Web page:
Chene Street cuts through the east side of Detroit from the Detroit River to the General Motors Detroit-Hamtramck Assembly plant at the Hamtramck border.  Once one of the city’s most vibrant commercial corridors and home to hundreds of small and medium-sized businesses, many of them run by immigrant families and African Americans, this thoroughfare was the main artery for the neighborhoods that radiated along its length, as well as their link with each other.  It was at the heart of family, work, and social life for thousands of Polish Catholic and European Jewish immigrants, as well as for African Americans migrating from the south. Many of them came to fill the 100,000 automotive industry jobs within walking distance of its neighborhoods. Today, virtually no signs of those neighborhoods remain.  Chene Street and its surrounding blocks are among the most devastated and depopulated in the city.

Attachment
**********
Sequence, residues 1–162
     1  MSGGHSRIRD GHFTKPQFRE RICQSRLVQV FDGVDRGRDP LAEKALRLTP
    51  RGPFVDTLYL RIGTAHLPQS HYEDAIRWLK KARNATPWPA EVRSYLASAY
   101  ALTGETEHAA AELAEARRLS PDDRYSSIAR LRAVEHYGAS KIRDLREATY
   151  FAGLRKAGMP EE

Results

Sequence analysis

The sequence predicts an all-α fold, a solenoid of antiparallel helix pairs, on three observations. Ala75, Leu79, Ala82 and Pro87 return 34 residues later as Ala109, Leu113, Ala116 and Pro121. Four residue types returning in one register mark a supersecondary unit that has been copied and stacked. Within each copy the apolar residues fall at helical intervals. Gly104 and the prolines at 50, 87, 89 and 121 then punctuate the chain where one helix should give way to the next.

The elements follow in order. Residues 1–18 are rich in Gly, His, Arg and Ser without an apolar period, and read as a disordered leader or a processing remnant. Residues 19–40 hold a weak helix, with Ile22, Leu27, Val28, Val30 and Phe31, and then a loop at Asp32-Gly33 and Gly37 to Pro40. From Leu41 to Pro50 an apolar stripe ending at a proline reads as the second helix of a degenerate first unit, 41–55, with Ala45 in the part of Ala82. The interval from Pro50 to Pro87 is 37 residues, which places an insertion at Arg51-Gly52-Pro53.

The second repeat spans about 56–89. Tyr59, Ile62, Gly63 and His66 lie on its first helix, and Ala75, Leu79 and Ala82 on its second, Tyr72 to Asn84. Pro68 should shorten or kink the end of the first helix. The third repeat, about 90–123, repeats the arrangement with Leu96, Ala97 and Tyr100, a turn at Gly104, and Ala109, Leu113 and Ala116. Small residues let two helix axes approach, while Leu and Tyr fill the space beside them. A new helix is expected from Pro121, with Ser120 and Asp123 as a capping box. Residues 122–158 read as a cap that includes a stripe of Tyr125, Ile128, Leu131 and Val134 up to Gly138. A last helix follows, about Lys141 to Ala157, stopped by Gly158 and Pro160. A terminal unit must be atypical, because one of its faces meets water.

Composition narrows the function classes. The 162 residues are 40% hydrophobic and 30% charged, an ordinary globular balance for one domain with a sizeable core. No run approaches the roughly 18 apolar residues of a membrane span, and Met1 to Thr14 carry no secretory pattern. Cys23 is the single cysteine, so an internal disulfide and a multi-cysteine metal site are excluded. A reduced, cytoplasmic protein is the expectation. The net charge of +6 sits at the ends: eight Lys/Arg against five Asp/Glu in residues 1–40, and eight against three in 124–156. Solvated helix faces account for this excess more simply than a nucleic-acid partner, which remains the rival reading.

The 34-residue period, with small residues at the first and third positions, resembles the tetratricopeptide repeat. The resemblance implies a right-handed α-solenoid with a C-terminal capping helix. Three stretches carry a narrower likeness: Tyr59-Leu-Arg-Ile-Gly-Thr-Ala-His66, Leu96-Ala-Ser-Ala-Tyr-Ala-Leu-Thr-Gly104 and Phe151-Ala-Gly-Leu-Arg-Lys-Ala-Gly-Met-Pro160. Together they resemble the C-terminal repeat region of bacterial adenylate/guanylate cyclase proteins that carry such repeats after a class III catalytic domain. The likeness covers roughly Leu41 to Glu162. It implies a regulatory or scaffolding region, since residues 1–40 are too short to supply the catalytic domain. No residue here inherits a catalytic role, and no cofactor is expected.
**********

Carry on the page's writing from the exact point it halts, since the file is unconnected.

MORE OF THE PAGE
The Chene Street project is developing a comprehensive social and commercial history of the neighborhood that conveys what it felt like to live and work there.  To date, the project team at the Institute for Research on Labor, Employment, and the Economy (IRLEE) and the Frankel Center for Judaic Studies has accumulated nearly three hundred oral histories from Polish, Jewish, and African American residents and business owners; scanned tens of thousands of photographs and other documents, including ethnic newspapers, church bulletins, personal papers, and other ephemera; and tracked individual real estate parcels to provide the foundation for a revealing and richly detailed portrait of Chene Street and its arterial residential and mixed use neighborhoods from 1890 to 1990.